Senate Moves Bills, Clean Power Leaks – August 2, 2015

Today we talk about five things in the news from the week of July 27, 2015.

  1. Senate Moves Two Energy Bills, One Popular
  2. Hillary and Jeb Talk Climate
  3. Clean Power Plan Set for Launch, Details Leak
  4. Natural Gas Trucks Get a Tax Fix
  5. Bad News Week for Oil and Gas Jobs

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1.  Senate Moves Two Energy Bills, One Popular

Last week, the Senate Energy Committee passed two major energy bills.  The first is “The Energy Policy Modernization Act of 2015,” a broad bipartisan package that has a solid chance of becoming law.  It passed the Committee on an 18-4 vote.  As we discussed last week, the bill was introduced with two significant provisions for natural gas.  First, it will take some steps to clear up jurisdictional questions for fracking regulations on federal land.  That provision passed the committee unchanged.  Second, the bill would set a hard deadline for the Department of Energy to approve a liquefied natural gas (LNG) export terminal once the project completes its Federal Energy Regulatory Commission (FERC) review.  That provision did garner some debate, with several Senators calling for additional studies.  The Committee did agree to an additional study requested by Sen. Elizabeth Warren (D-MA).

The bipartisan Energy Bill was also amended to include an important provision that has previously struggled to gain support in the House, as Bloomberg BNA explains:

During the July 30 markup, the committee adopted an amendment by Sen. Shelley Moore Capito (R-W.Va.) that would expedite the federal process for approving natural gas pipelines.

The measure would require the Federal Energy Regulatory Commission to approve or deny an application within one year of receiving a complete application that is ready to be processed. The agency then responsible must make a decision to approve or deny a project within 90 days of FERC’s review.

The Committee also passed a more controversial bill called the Offshore Production and Energizing National Security Act of 2015, on a 12-10 vote.  That bill would expand offshore drilling and repeal the crude oil export ban.

2.  Hillary and Jeb Talk Climate

Hillary Clinton released her climate plan this week.  She set two main goals, which she says will help “make the United States the world’s clean energy superpower:”

  1. The United States will have more than half a billion solar panels installed across the country by the end of Hillary Clinton’s first term.
  2. The United States will generate enough clean renewable energy to power every home in America within ten years of Hillary Clinton taking office.

The plan also contains three other interesting points, which she says will be explained in further detail later:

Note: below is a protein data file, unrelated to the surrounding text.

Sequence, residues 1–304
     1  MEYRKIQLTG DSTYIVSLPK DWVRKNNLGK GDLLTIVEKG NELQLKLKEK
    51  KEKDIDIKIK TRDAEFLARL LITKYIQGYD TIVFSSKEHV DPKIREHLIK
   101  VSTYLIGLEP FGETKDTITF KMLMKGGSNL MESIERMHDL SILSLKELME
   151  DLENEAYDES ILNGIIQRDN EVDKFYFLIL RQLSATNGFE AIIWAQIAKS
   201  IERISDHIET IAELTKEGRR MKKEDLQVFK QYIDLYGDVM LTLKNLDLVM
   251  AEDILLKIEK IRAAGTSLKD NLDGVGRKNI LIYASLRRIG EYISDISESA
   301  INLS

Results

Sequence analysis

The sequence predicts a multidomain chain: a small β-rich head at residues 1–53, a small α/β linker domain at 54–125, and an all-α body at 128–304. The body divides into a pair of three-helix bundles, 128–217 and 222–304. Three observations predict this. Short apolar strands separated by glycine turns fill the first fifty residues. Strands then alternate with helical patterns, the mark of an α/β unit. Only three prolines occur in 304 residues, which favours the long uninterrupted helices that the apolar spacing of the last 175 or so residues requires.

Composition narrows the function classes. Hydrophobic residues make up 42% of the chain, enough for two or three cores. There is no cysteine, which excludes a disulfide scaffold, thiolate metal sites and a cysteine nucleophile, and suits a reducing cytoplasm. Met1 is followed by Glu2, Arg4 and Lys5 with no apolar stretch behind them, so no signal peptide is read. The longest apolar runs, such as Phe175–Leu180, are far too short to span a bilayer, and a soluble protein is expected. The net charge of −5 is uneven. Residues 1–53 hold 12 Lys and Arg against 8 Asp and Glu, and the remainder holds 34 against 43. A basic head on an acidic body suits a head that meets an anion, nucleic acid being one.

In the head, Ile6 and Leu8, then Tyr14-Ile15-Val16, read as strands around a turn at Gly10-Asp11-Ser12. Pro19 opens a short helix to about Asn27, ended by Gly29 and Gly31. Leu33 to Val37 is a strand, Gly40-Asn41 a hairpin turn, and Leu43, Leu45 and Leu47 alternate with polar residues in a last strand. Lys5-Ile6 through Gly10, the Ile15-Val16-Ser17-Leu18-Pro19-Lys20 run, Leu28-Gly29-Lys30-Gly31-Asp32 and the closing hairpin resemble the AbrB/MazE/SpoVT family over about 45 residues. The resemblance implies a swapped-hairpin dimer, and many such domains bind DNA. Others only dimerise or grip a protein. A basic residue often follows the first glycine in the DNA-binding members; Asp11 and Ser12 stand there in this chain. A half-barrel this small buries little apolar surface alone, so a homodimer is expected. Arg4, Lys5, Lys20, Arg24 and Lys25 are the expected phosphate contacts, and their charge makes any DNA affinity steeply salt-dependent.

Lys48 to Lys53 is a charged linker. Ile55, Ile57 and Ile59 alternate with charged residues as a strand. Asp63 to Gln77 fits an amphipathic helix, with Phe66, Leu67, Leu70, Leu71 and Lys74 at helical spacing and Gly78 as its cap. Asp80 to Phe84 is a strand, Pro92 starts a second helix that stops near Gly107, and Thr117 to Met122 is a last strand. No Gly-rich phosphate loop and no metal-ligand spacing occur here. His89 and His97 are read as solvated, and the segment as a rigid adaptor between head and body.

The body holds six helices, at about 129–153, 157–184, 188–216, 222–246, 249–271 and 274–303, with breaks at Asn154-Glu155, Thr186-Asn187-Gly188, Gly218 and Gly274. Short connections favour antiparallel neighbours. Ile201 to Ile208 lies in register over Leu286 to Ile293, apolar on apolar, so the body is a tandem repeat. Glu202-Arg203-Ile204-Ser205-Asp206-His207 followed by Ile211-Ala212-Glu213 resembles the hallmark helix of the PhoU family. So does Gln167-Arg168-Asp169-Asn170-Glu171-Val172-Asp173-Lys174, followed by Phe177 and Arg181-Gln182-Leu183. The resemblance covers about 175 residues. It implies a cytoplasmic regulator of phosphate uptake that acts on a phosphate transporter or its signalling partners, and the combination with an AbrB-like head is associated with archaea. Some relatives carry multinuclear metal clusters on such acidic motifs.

• Modernizing North American Infrastructure: Improve the safety and security of existing energy infrastructure and align new infrastructure we build with the clean energy economy we are seeking to create.
  • Safe and Responsible Production: Ensure that fossil fuel production taking place today is safe and responsible, that taxpayers get a fair deal for development on public lands, and that areas that are too sensitive for energy production are taken off the table.
  • Coal Communities: Protect the health and retirement security of coalfield workers and their families and provide economic opportunities for those that kept the lights on and factories running for more than a century.

Jeb Bush gave a written interview to Bloomberg BNA, where he staked out a number of interesting positions:

Bush: The climate is changing; I don’t think anybody can argue it’s not. Human activity has contributed to it. I think we have a responsibility to adapt to what the possibilities are without destroying our economy, without hollowing out our industrial core….

Bloomberg BNA:Are there any other energy and environmental issues of particular concern in your campaign?

Bush: Generally, I think as conservatives we should embrace innovation, embrace technology, embrace science. It’s the source of a lot more solutions than any government-imposed idea and sometimes I sense that we pull back from the embrace of these things. We shouldn’t. We’re the party that should be the party of discovery, the party of science, the party of innovation and tear down the barriers so that those things can accelerate in our lives to find solutions for all these things.

3.  Clean Power Plan Set for Launch, Details Leak

The White House and its Environmental Protection Agency are signaling that the final Clean Power Plan will be unveiled on Monday, August 3.  Leaks that came out this week suggest the rule will be loosened in two significant ways.  First, it looks like the EPA will give states a little more time, as UtilityDive reported:

On Tuesday evening, the New York Times and Washington Post cited unnamed agency sources in revealing that the agency would push back the start date for the compliance period of the regulations by two years — from 2020 to 2022 — giving states more time to comply. The next morning, EnergyWire bolstered the case for that theory, revealing an internal EPA timeline it obtained indicating the final rule would be released on Aug. 3 and that states would be given the two additional years to comply:

While additional compliance time has been the top request of many power sector stakeholders for the revised plan, those revelations have set off alarm bells for many environmentalists, who are concerned that emissions reductions would be weakened by a longer compliance timeframe.